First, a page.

Podilymbus podiceps podiceps

Status:  Common regular spring and fall migrant statewide. Common regular breeder Sandhills, fairly common elsewhere. Rare casual winter visitor North Platte and Platte River valleys southward.

Documentation: Specimen: UNSM ZM6004, 20 Apr 1890 Lancaster Co.

Taxonomy: Three subspecies are recognized, one in North America, podiceps (Pyle 2008).

Spring:  Feb 22, 23, 24 <<<>>> summer (east)
Mar 23, 24, 26 <<<>>> summer (west)

Peak migratory movement occurs late Mar through Apr, although migrants may occur as early as Feb. There are earlier eastern reports 17 Feb 2013 Branched Oak Lake, Lancaster Co and 20 Feb 2016 Carter Lake, Omaha, and early westerly reports 19 Feb 2000 of two at Clear Creek WMA, Keith and Garden Cos, 21 Feb 2020 Sutherland Reservoir, Lincoln Co, 22 Feb 1998 Lake Ogallala, Keith Co, 22 Feb 2020 Lake Ogallala, 17 Mar 2018 Keith Co, and 18 Mar 2017 in southern Garden Co. One in southern Cherry Co 5 Mar 2016 was early for that northerly location.

  • High counts: 127 at Holmes Lake, Lancaster Co 11 Apr 2019, 123 at Capitol Beach Lake, Lancaster Co 10 Apr 2019, 120 on 16 Apr 2012 at Offutt Base Lake, Sarpy Co, and 114 at Branched Oak Lake 10 Apr 2013.

Summer:  This species is a common breeder in shallow Sandhills lakes and there are scattered breeding records throughout the state (Ducey 1988).  Breeding in wetland complexes such as the Rainwater Basin, with unpredictable hydro-periods, occurs infrequently and is associated with precipitation cycles; more nesting occurs during periods of increased precipitation when wetlands have sufficient water and suitable habitat (Jorgensen 2012, 2016).

  • Breeding phenology:
    Eggs: 5 Jun-19 Jul
    Dependent young: 20 May-25 Aug (this 20 May date implies egg-laying around 23 Apr, a few days earlier than earliest egg dates in Missouri and Kansas).
  • High counts: 143 at Crescent Lake NWR, Garden Co 12 Aug 1997.

Fall:  summer <<<>>> Jan 6, 7, 8

The fall migration is protracted, beginning in mid-Aug and continuing until late Nov, with stragglers remaining until freeze-up. Later fall dates, all in 2019 were of singles in Red Willow Co 9-14 Jan, Dawson Co 12 Jan, and Dakota Co 14 Jan.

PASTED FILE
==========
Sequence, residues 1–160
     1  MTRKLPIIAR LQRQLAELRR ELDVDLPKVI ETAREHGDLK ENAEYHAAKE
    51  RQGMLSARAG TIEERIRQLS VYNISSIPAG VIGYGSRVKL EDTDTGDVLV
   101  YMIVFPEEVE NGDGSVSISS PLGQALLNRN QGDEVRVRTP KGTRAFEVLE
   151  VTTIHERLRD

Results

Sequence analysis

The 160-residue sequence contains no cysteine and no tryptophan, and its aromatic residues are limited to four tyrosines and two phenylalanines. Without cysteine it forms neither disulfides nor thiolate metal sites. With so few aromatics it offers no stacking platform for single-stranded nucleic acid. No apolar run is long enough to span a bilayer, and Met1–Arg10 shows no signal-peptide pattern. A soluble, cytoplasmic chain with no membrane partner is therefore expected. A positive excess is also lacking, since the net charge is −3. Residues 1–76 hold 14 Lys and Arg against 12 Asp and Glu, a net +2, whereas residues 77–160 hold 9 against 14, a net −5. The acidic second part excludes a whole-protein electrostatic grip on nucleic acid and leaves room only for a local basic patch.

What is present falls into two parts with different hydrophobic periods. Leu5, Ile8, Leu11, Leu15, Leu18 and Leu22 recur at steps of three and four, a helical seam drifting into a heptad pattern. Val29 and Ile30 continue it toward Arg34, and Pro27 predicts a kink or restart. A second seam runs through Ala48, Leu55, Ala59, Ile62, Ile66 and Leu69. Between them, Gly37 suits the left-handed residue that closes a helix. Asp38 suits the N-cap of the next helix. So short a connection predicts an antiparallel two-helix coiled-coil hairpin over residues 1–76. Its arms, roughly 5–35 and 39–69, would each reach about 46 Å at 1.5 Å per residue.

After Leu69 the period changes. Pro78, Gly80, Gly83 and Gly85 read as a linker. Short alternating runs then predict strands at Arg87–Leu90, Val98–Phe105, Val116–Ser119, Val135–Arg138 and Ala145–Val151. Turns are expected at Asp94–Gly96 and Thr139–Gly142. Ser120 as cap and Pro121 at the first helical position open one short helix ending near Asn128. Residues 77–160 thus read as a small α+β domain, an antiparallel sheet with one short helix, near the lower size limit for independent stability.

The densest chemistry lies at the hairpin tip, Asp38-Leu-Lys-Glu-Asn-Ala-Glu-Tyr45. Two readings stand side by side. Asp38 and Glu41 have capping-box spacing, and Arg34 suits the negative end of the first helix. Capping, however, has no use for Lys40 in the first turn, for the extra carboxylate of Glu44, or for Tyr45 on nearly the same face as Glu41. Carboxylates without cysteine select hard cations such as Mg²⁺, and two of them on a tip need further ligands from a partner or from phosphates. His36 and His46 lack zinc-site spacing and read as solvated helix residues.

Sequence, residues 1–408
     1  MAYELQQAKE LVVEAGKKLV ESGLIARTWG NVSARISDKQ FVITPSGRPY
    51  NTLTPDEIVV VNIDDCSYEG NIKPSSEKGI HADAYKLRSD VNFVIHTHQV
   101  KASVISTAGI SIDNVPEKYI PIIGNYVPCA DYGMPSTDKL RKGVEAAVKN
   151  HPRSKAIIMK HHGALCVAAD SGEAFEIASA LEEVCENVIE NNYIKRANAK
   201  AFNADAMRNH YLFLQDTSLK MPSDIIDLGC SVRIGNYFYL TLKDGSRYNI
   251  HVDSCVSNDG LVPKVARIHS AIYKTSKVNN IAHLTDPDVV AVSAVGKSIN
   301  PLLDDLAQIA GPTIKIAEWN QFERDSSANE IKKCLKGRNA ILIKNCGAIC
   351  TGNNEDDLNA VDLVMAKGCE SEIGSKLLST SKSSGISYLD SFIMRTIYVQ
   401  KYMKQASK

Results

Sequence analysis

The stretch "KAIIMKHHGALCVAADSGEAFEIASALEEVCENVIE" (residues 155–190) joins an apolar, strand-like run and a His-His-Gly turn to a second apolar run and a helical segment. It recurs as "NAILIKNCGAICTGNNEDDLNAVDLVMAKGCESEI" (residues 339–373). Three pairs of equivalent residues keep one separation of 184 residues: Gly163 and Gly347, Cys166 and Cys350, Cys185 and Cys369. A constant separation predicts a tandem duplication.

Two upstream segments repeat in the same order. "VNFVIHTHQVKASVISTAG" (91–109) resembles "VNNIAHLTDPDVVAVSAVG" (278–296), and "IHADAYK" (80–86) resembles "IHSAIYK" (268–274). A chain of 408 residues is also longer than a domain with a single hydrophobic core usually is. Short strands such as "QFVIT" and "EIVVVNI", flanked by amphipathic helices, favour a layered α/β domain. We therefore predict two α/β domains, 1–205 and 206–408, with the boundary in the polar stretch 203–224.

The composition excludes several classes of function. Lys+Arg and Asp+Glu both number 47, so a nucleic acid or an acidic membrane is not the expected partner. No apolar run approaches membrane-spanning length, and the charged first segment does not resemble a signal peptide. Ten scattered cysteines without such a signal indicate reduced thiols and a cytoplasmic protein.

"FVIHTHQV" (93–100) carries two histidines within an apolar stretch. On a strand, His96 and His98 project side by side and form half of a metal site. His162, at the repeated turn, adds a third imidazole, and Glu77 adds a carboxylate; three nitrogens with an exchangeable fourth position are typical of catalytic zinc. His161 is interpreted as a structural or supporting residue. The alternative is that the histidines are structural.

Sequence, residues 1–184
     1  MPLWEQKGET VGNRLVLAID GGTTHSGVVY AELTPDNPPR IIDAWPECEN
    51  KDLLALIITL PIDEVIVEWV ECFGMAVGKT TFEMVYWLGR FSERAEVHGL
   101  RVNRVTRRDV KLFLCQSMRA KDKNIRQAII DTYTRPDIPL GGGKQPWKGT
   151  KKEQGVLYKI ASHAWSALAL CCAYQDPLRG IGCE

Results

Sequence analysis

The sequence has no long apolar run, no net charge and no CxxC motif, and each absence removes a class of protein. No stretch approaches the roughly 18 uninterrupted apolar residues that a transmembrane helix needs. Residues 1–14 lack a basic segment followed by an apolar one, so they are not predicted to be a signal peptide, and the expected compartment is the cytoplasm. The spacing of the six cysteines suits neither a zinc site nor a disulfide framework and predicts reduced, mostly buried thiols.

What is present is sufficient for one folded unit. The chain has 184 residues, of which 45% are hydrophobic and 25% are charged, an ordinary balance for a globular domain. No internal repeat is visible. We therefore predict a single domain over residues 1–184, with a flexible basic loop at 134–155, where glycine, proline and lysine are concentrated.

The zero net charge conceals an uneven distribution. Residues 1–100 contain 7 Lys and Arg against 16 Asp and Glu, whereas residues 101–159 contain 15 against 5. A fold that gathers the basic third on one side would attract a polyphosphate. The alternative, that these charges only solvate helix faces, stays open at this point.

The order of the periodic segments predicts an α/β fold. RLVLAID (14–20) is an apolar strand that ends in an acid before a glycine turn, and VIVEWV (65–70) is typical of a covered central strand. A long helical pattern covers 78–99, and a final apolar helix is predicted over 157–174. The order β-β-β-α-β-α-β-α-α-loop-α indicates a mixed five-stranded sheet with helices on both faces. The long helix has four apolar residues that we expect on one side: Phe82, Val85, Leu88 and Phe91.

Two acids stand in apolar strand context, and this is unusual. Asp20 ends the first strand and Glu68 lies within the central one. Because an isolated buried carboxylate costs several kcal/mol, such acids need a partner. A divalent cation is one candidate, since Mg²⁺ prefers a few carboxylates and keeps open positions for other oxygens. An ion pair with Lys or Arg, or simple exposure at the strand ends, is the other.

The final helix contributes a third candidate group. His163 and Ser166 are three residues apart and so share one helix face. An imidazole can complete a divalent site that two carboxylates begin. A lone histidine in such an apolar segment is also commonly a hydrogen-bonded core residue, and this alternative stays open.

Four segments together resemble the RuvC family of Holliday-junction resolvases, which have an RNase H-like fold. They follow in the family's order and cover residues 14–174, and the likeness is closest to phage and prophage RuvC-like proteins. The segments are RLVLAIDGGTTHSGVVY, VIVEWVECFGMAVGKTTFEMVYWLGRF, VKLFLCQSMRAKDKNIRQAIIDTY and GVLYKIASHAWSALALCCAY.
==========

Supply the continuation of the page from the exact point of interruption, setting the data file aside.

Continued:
An early migrant was in Saunders Co 21 Jul 2000 where the species did not summer, 17 arrived at Orleans SL, Harlan Co 6 Aug 2002, and a flock of 43 was at Wehrspann Lake, Sarpy Co 16 Aug 2012.

  • High counts: 860 at Lake Babcock, Platte Co 20 Sep 1998, 720 on 23 Sep 1994 at DeSoto NWR, Washington Co when many flocks of 20-70 birds were noted after a strong cold front, and 475 at Offutt Base Lake 20 Sep 2000.

Winter:  There are several reports of overwintering or mid-winter individuals likely attempting to overwinter. Rosche (1994) stated that “during most winter seasons a few remain on the open waters of the Lewellen marshes, the Kingsley Dam spillway, and elsewhere.”  Reports from Lake Ogallala consist of one there 21 Dec 1995-20 Jan 1996 and possibly the same individual there during winter 1997-98, four wintering 1999-2000, two there as late as 11 Jan 2011, and one there 22 Jan 2015. Five were at Lake McConaughy 2 Jan 2016 and one of these was likely a bird seen there 28 Jan. Elsewhere the only reported overwintering was of 1-3 birds at Carter Lake, Omaha, Douglas Co 2012-2013.

Additional mid-winter reports, some of which might have been overwintering, were of singles on Salt Creek, Lincoln, Lancaster Co 1 Feb 2013, Sutherland Reservoir 2 Feb 2019, 5 Feb 2016 Buffalo Co, five on Grove Lake, Antelope Co 7 Feb 1999, Branched Oak Lake 9 Feb 2013,  and Dawson Co 9 Feb 2002.


NWR: National Wildlife Refuge
UNSM: University of Nebraska State Museum
WMA: Waterfowl Management Area (State)
WPA: Waterfowl Production Area (Federal)

Literature Cited

Ducey, J.E. 1988. Nebraska birds, breeding status and distribution. Simmons-Boardman Books, Omaha, Nebraska, USA.

Jorgensen, J.G. 2012.  Birds of the Rainwater Basin, Nebraska.  Nebraska Game and Parks Commission, Lincoln, Nebraska, USA.

Jorgensen, J.G. 2016.  A summary of 2015 breeding bird surveys of selected Rainwater Basin wetlands.  Nongame Bird Program of the Nebraska Game and Parks Commission, Lincoln, Nebraska, USA.

Pyle, P. 2008. Identification Guide to North American Birds. Part II, Anatidae to Alcidae. Slate Creek Press, Bolinas, California, USA.

Rosche, R.C. 1994. Birds of the Lake McConaughy area and the North Platte River valley, Nebraska.  Published by the author, Chadron, Nebraska, USA.

Recommended Citation

Silcock, W.R., and J.G. Jorgensen.  2020.  Pied-billed Grebe (Podilymbus podiceps). In Birds of Nebraska — Online. www.BirdsofNebraska.org

Birds of Nebraska – Online

Updated 27 Mar 2020